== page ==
Bibi-Obama in ‘Give and Take’

Obama and Netanyahu met 90 minutes behind closed doors. A Jewish Republican leader called it a snub. A US spokesman said it was “give and take.”

Tzvi Ben Gedalyahu , | updated: 7:40 AM

Obama and Netanyahu in 2009 meeting
Obama and Netanyahu in 2009 meeting
Israel news photo: White House

U.S. President Barack Obama met with Prime Minister Binyamin Netanyahu twice behind closed doors in the White House Tuesday evening, at virtually the same time Jerusalem announced final approval for another building project in united Jerusalem. (See Daniel Pipes on "When Obama Met Netanyahu.")

It was the second time in less than a month that the Prime Minister met with American leaders at the same time that Israeli officials issued a statement about construction for Jews in parts of Jerusalem that the United States does not recognize as being under Israeli sovereignty. Unlike the previous public anger by American officials, no comments were made about the announcement, nor were substantive reports issued about the subjects that the two leaders discussed.

The meeting also coincided with another spate of Arab stoning attacks on Jews in Judea and Samaria with the intention of causing fatal accidents. Neither the United States nor Israel referred to the continuing attacks, which the Palestinian Authority is committed to halt, along with all other violence and incitement against the Jewish State.

U.S. State Department spokesman Philip Crowley told the media that the meeting involved “give and take” with the intention to encourage talks between the Palestinian Authority and Israel on the PA’s conditions for becoming an independent country.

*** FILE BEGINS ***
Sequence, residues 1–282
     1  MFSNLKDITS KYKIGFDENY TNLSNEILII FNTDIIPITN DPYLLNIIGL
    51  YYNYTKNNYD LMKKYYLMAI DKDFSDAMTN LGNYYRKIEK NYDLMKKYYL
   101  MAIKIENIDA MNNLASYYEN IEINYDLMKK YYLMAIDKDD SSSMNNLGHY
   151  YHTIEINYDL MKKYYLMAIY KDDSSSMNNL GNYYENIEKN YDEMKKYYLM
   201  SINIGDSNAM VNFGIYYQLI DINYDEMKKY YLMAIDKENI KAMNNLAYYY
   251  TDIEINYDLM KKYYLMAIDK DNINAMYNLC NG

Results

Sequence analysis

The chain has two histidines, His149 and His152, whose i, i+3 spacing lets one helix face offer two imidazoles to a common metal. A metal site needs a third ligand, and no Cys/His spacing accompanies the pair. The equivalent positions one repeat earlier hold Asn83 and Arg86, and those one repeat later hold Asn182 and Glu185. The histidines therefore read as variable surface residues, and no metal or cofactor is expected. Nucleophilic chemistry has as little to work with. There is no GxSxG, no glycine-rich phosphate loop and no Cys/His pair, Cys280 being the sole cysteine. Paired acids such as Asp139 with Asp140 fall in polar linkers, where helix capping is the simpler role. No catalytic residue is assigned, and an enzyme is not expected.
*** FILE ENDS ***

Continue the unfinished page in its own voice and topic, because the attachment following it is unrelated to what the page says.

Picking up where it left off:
He told reporters, “We’re not putting any preconditions on this. The Israeli government has a policy, but we also have a point of view that Jerusalem is a final status issue.”

Iran presumably was on the discussion agenda, but there was no official confirmation.

Eric Cantor (pictured), the Republican party’s sole Jewish member in the House of Representatives, criticized U.S. President Barack Obama for missing an opportunity to hold a press conference and put an end to the public spat between the two allies. It has escalated since President Obama’s “reaching out to Muslim” speech last June and reached a peak earlier this month when U.S. Vice President Joe Biden visited Israel at the same time the Jerusalem area planning committee authorized advancement in the lengthy bureaucratic process for 1,600 new residential units for Jews in the Jewish neighborhood of Ramat Shlomo.

This time, just as Prime Minister Netanyahu was about to meet the President, Israeli officials announced final authorization for the previously-approved project for 20 housing units at the government owned Shepherd’s Hotel. The site is the former office of HItler's Arab ally, Haj Amin al Husseini.

Prime Minister Netanyahu made it clear during his visit to the United States, highlighted by a speech to American Israel Public Affairs Committee (AIPAC), that the PA “demands for sovereignty over all of what it calls “eastern Jerusalem” are not up for discussion.

The U.S. government, most vocally through U.S. Secretary of State Hillary Clinton, has demanded that Israel stop all building for Jews in the areas, which also include parts of southern and northern Jerusalem where 300,000 Jews live, almost all of them in totally Jewish neighborhoods.

The outcome of the visit so far is “agreeing to disagree.” Prime Minister Netanyahu has made another concession by agreeing that both Israel and the Palestinian Authority can bring up all issues for discussion, meaning the status of Jerusalem and the Arab demands for the immigration of Arabs claiming ancestry in Israel.

The diplomatic ball now is in the court of the Palestinian Authority, which so far has not yet decided whether to resume American-mediated talks.